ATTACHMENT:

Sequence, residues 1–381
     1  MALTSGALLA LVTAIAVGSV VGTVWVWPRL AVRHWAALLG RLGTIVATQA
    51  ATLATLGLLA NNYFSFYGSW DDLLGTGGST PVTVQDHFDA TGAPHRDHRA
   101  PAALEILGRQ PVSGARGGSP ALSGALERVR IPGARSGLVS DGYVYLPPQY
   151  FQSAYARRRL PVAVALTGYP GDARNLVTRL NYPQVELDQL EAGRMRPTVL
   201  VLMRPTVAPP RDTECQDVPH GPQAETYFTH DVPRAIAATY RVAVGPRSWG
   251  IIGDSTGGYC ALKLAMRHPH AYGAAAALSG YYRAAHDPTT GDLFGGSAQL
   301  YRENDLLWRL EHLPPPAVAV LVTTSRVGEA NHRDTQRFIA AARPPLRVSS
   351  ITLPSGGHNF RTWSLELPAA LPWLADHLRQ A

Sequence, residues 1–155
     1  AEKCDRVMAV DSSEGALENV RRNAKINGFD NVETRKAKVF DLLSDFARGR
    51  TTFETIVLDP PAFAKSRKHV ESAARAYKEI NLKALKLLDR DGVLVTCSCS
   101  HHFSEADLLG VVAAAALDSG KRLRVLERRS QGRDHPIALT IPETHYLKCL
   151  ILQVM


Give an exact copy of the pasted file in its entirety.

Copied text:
Sequence, residues 1–381
     1  MALTSGALLA LVTAIAVGSV VGTVWVWPRL AVRHWAALLG RLGTIVATQA
    51  ATLATLGLLA NNYFSFYGSW DDLLGTGGST PVTVQDHFDA TGAPHRDHRA
   101  PAALEILGRQ PVSGARGGSP ALSGALERVR IPGARSGLVS DGYVYLPPQY
   151  FQSAYARRRL PVAVALTGYP GDARNLVTRL NYPQVELDQL EAGRMRPTVL
   201  VLMRPTVAPP RDTECQDVPH GPQAETYFTH DVPRAIAATY RVAVGPRSWG
   251  IIGDSTGGYC ALKLAMRHPH AYGAAAALSG YYRAAHDPTT GDLFGGSAQL
   301  YRENDLLWRL EHLPPPAVAV LVTTSRVGEA NHRDTQRFIA AARPPLRVSS
   351  ITLPSGGHNF RTWSLELPAA LPWLADHLRQ A

Sequence, residues 1–155
     1  AEKCDRVMAV DSSEGALENV RRNAKINGFD NVETRKAKVF DLLSDFARGR
    51  TTFETIVLDP PAFAKSRKHV ESAARAYKEI NLKALKLLDR DGVLVTCSCS
   101  HHFSEADLLG VVAAAALDSG KRLRVLERRS QGRDHPIALT IPETHYLKCL
   151  ILQVM